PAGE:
Those of you who are regular readers of my blogs will have gathered that I remain (mostly) office based (as I’m the only non-teacher in the ICT academic team). This means that I’m often in the best position to chat to people who are interested in taking one of our courses, but would like a bit of advice on which might be ‘best’ for them.
So here goes. Let’s pretend you’ve just phoned me, wondering which course to do…
So what do I tell you?
Essentially, there are two main pieces of advice I normally give to delegates when discussing courses:
- Select a course you are interested in – it will help you study it. This could be a personal or professional interest.
- Understand the time commitment required. Especially at Diploma level, where you will need to ramp up the study hours put in around assignment submission dates and the run up to the exam.
Ultimately point 1 really has to be your call. But I can give you some more info…
Anti-Money Laundering (AML) is probably the most buoyant of all the areas of our current programmes. It certainly seems to be the case in respect of job market opportunities – probably driven by the increased regulatory scrutiny and media interest (keeping it contemporary – have you seen the BNP action confirmed today?)
You could also consider the ever-popular ICA Compliance programmes. Compliance is possibly broader and more generally applicable, covering areas such as culture, ethics and corporate governance. It currently also contains a Unit on AML and a Unit of Financial Crime – so this would give you taster of these topics. There is also financial crime though - the ICA Financial Crime Prevention (FCP) offerings focus on non-AML FCP, so there is a strong emphasis on fraud, along with anti-bribery & corruption, e-crime and so forth.
And what level should I choose?
Well, in terms of content, the ICA Certificate programmes provide a strong foundation understanding of the key concepts and issues involved. The Advanced Certificates and Diplomas will support practical work and also expand knowledge and skill. You need to bear in mind though that as the academic level increases, so does the breadth and depth of the material, and the difficulty level / volume of the assessments.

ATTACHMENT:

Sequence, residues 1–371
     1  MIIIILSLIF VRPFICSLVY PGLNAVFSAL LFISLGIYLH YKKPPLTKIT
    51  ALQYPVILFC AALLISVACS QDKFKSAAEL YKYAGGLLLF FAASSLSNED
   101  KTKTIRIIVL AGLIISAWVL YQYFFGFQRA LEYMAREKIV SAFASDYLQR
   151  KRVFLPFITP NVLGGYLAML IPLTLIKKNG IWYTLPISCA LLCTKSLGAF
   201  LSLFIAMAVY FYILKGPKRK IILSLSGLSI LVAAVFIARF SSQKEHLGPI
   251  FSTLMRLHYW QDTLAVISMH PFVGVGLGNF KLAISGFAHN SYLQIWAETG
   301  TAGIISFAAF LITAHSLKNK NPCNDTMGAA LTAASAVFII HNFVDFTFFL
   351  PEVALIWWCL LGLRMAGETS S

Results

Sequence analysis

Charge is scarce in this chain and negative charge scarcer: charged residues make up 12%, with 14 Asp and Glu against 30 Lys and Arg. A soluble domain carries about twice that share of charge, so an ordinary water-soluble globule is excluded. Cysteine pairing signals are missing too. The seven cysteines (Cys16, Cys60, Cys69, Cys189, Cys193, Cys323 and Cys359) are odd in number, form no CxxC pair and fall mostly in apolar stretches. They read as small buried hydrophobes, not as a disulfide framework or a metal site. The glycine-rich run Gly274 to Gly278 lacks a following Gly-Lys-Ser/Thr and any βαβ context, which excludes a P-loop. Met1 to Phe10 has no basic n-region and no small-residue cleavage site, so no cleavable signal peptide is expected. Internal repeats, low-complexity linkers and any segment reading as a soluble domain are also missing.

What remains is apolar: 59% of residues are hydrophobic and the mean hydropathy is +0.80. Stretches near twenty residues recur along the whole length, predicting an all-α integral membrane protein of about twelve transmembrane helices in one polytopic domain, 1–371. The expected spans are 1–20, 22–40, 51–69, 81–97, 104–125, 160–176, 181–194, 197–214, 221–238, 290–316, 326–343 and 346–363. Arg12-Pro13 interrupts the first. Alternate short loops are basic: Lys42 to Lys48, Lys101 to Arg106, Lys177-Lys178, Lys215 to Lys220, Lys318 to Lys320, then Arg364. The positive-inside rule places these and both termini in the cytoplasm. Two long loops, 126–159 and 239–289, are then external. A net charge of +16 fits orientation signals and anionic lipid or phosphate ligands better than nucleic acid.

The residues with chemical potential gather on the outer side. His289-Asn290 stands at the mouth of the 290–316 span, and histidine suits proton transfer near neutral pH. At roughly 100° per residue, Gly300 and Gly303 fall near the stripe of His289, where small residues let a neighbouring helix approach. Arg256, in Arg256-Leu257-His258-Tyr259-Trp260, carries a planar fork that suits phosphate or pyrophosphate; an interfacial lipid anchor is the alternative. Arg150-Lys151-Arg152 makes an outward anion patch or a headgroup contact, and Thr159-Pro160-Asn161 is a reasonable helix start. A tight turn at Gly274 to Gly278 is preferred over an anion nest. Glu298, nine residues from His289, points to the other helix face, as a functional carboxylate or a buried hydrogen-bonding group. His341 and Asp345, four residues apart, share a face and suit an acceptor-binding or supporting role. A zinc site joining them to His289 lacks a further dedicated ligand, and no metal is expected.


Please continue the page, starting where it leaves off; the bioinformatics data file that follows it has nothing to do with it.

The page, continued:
If you felt able to make the commitment to the Advanced Certificate or Diploma, and were doing so from an informed position in terms of the amount of work required, then you could potentially go straight in for one of these higher levels. The Diploma in particular was primarily designed for senior / experienced staff but we do increasingly have delegates who want to get to this level of qualification as a stepping stone into the subject matter spheres.
The level of commitment in terms of study is commensurate with your existing knowledge ie: the less prior knowledge / experience you have, the more study time you will likely need to put in.
We want to be transparent
It is of course incumbent on us at ICT to ensure you understand the amount of work required and are comfortable with that. As long as you are OK with this, you could certainly consider the higher level courses.
Alternatively, you could start with a Certificate, which would provide a sound stand-alone qualification, as well as an excellent base from which to go on and do the higher levels, should you so wish.
Sum it up for me, Dave.
Right you are.
In summary, I’d suggest you consider the time & cost implications of each programme - but ultimately it has to be your call as it has to fit in with your schedule, ambitions and so forth. Whichever you choose, I’m sure you’ll find it interesting and rewarding. And if you go with the workshop option, you’ll get to meet the tutors, share best practice and network with other delegates.
Thanks for your call - we look forward to receiving your application…
So there you go.
If it’s something you are pondering, hopefully that’s helped?
If not, I’ll speak to you soon!